Gus Speth Reflection, November 12, 2020

We invited Gus Speth to offer some post-election thoughts about where we go from here on our way to creating a loving, sustainable, healthy, just world—what we call the realm of God on earth.  It will help you appreciate the huge significance of Gus’s new message if you place it in the context of his previous thinking about the six ingredients necessary to accomplish the change of consciousness we need in order to restructure society as he describes. You can find that context at

Here is Gus’s new, hopeful and inspiring message:

Something beautiful has begun. Advocates for racial justice and for environmental protection are beginning to come together in new ways. What these efforts have in common is an advocacy for deeper change beyond what is commonly associated with the traditional civil rights and environmental movements.

These new efforts at Black-Green fusion are grounded on a strong foundation. When one explores the roots of both the environmental movement and the civil rights movement, one finds a radical critique in both cases. Moreover, these critiques are strikingly similar. Both have called for a deep restructuring of society and economy. And in both cases that call rests on an affirmation of life in all its fullness and of the devoted care that life requires of us.

Also, both communities of color and environmentalists have had to struggle against a cluster of longstanding cultural prejudices and misguided values.  These habits of thought have encouraged the subjugation and exploitation of both non-human life and certain human groups, typically relegating these human groups to a less-than-fully-human status.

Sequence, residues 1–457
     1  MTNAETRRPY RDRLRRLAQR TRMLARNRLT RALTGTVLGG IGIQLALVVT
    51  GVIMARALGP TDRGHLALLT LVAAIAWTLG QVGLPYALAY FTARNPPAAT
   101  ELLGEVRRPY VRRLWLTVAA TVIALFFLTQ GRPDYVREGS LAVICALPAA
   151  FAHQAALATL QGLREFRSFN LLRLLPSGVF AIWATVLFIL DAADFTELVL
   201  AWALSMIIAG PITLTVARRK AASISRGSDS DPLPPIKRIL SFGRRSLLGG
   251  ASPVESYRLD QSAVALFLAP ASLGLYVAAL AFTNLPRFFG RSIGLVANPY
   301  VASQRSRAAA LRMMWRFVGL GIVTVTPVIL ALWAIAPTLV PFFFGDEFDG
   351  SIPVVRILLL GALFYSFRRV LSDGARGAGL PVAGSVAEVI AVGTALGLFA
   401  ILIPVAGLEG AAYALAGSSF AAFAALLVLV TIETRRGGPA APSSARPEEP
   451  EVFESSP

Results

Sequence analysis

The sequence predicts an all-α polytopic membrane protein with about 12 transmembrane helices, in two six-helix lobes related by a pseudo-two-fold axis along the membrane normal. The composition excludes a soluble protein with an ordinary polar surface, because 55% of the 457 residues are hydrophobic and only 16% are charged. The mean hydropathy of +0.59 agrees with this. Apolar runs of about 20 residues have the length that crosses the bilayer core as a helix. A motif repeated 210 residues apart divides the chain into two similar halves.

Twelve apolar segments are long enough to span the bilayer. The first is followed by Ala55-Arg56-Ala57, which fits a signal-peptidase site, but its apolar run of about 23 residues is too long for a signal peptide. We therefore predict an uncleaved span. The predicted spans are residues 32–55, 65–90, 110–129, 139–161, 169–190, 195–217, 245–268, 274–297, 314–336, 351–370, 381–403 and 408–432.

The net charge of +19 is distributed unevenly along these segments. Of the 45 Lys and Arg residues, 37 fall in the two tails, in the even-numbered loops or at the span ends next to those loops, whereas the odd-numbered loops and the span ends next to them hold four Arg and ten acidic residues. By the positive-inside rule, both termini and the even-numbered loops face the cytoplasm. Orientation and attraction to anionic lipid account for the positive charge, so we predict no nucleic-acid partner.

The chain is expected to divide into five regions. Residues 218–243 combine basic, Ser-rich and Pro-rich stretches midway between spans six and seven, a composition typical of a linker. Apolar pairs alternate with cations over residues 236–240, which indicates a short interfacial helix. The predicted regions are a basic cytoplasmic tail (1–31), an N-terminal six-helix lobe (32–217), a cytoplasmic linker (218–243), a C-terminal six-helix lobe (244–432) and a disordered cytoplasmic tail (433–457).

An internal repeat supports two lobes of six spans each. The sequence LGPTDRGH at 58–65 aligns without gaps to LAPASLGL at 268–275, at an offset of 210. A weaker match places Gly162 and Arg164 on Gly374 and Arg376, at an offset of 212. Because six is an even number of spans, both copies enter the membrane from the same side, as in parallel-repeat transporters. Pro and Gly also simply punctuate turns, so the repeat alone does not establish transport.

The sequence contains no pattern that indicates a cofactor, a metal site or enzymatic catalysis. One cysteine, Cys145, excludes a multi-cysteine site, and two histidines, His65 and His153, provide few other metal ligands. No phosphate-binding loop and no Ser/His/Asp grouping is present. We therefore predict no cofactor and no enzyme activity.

Let’s start with the environmentalists. They must confront a haunting paradox. Our environmental organizations have grown ever stronger, more sophisticated and better funded, winning many battles along the way. Yet, 50 years after the first Earth Day, we find ourselves on the cusp of a ruined planet. Imagine.

Clearly, it’s time for a new environmentalism. Past time. One can begin by asking: What is an environmental issue? I’d say that an environmental issue is any issue that affects environmental performance. When answered that way, environmental issues must include our failing political system; the pervasive economic insecurity that paralyzes political action; and the materialistic, racially divisive, and completely anthropocentric values that tend to dominate our culture.  Environmental degradation is also driven by a triple imperative:  GDP growth at almost any cost,  ever enlarging corporate profit, and runaway consumerism.

These are among the underlying, root causes of our environmental decline.

They are also essential features of our political economy. If American environmentalists hope to ever succeed, we must find ways to address these systemic issues, which to date our movement has largely ignored.

In the environmental movement’s early days in the 1960s and early 1970s, those at the forefront asserted the need for radical restructuring of economy and society. Environmentalists must revive our legacy of radical critique.  As the expression goes, system change, not climate change.

As in the environmental world, a great many in the Black community are seeing limits to traditional advocacy. Achieving equal legal rights has enabled a modest Black upper middle class to prosper, but hasn’t prevented the deep problem now still afflicting Blacks and other communities of color. Faced with this realization, a number of black leaders, from grassroots movements (such as Black Lives Matter and the Poor People’s Campaign) to scholars, are calling for the rediscovery and revitalization of the radical roots of the civil rights movement to address the deeper structural issues facing minority communities in America.